As Gwen Jorgensen prepares for tonight's 5K at the Husky Classic, the Rio Olympic triathlon champion can barely remember the last time she raced on the track.
"My PR on the track is 15:50 something and that's from..."
2009, I remind her. And it's 15:52.19, to be exact.
It's been nearly 10 years since Jorgensen's senior year at the University of Wisconsin, where she was a four-time All-American and two-time Big 10 champion in track and cross country. You can't fault her, though, for not remembering the details — there's been a lot of racing in between that had nothing to do with turning left.
In November, the 31-year-old Jorgensen announced her intent to switch from the triathlon to the marathon for the next Olympic cycle. She has a lot of time to prepare for the 2020 Tokyo Games, which is good as she's also a new mom to 6-month-old Stanley.
The Husky Classic also marks her first race since giving birth.
"I'm really excited to race," she told FloTrack over the phone after driving from her home in Portland to Seattle, where the race will be held at the University of Washington's Dempsey Indoor Track facility tonight. "I'm the type of person who prefers racing over training, so if it's a choice between a hard session or a time trial, and a race, I'd much rather go out and race."
Top entrants in the field include international medalists from the Bowerman Track Club in Courtney Frerichs, the 2017 world silver medalist in the steeplechase, and Emily Infeld, the 2015 world bronze medalist for 10K. Infeld looks particularly tough after disposing of the field at last weekend's USATF XC championships for her first national title.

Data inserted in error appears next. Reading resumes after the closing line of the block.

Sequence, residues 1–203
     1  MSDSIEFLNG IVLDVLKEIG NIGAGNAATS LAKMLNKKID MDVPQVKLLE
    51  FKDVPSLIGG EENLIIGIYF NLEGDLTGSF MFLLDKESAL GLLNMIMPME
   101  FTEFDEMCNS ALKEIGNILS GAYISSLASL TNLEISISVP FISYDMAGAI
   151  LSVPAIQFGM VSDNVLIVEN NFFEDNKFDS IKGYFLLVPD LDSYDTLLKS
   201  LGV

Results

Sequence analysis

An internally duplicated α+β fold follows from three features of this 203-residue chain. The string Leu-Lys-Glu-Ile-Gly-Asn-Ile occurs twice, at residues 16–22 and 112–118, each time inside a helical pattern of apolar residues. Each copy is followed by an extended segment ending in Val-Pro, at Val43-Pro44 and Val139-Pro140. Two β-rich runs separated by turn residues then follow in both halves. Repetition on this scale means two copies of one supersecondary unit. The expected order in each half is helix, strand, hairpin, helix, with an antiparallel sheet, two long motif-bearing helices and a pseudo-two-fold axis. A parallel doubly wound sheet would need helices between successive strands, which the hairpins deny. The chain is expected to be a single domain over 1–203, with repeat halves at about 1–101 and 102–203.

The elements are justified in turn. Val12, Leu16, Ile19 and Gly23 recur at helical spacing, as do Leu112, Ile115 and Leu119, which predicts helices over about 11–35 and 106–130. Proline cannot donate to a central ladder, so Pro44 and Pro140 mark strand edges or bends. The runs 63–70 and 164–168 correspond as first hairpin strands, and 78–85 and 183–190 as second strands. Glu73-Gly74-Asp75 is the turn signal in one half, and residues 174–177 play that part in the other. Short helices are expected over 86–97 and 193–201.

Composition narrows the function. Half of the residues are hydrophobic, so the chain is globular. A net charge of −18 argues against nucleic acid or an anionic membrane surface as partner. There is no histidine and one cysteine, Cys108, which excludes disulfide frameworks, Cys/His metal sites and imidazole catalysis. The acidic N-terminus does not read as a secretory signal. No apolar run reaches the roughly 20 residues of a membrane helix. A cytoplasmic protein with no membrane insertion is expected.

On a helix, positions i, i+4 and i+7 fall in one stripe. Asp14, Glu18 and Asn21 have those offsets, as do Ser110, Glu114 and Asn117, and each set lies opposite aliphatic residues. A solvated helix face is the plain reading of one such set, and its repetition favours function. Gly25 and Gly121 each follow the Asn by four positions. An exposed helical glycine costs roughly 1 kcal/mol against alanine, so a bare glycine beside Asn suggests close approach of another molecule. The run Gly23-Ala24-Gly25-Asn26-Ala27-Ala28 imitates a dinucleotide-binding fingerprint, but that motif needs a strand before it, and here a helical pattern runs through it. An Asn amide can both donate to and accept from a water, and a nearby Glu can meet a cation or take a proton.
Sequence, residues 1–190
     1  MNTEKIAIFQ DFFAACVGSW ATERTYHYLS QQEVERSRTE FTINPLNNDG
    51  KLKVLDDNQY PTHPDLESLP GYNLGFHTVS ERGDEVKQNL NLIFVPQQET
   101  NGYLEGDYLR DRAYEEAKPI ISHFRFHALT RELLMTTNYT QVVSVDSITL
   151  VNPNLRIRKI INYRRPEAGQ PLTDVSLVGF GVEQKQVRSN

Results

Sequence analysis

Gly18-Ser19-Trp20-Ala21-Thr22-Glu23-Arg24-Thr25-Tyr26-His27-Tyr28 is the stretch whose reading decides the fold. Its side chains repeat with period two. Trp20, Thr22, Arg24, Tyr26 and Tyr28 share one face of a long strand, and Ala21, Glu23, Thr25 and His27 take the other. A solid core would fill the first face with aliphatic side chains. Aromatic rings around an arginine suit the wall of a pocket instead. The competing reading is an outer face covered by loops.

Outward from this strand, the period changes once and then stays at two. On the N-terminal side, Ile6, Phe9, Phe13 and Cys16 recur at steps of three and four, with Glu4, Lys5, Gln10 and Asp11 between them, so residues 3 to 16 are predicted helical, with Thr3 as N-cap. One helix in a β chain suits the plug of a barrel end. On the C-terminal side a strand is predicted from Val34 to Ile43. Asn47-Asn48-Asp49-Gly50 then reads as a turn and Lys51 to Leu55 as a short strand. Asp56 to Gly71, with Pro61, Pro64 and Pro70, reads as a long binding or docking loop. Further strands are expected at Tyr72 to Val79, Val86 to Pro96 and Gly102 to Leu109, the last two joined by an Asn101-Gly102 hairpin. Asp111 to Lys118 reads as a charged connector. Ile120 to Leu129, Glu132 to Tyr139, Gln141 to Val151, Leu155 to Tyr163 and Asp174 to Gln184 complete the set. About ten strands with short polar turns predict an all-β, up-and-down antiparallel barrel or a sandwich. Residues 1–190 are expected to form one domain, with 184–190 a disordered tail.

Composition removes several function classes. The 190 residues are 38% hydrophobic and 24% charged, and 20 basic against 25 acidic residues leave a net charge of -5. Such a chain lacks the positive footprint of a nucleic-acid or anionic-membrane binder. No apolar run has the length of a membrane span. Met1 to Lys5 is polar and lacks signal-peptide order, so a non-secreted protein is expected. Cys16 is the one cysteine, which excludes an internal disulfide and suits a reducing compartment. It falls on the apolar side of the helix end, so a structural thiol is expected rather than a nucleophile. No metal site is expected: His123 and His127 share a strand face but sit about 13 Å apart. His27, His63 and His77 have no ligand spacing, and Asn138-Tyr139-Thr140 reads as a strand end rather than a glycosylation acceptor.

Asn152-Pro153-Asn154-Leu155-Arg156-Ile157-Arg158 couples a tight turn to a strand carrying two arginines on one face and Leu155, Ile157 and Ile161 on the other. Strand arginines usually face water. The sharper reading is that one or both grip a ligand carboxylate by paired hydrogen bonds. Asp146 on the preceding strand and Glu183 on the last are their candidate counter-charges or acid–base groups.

Frerichs has run 15:31.62 and Infeld has run 14:56.33; the USATF Indoor qualifier for 3K is 15:55.0. The pace could be pretty hot.
"I'd like to go out with the leaders and just give it a shot," Jorgensen said of racing Infeld and Frerichs. "I have nothing to lose. I'm not going to be scared if the race goes out fast; I'm actually excited and hope that it goes out fast. I'd like to push my limits and fitness and have a little tic mark to see where I'm at right now."
Though Jorgensen hasn't raced on the track in quite some time, she has certainly run a few road race 5Ks as standalone competitions and as the last leg of a sprint triathlon. She won the 2014 NYRR Dash to the Finish Line 5K in 16:03, her official road PB, but says it's more complicated to talk about split times from sprint triathlons.
"In a sprint triathlon in ITU, the courses only have to be within 10% of the actual distance," she said. "So I could run 16-flat or 14:30 or 17 minutes, but it's hard to say what that actually equates to. I don't like to say those times because it's not the exact distance."
Jorgensen's current training includes 80 miles per week of running volume, along with an extra swim or bike tacked on as a secondary workout every day. She also gets in the weight room three times a week with a lot of attention dedicated to her pelvic floor muscles.
"For marathon training, I need to be up to 100, 120, and right now my body can't handle that," Jorgensen said of slowly coming back from giving birth. "The best part of having a child is if there's an injury that pops up, or there's a bad workout, I can come home and see his smile and literally — I can't think of anything else."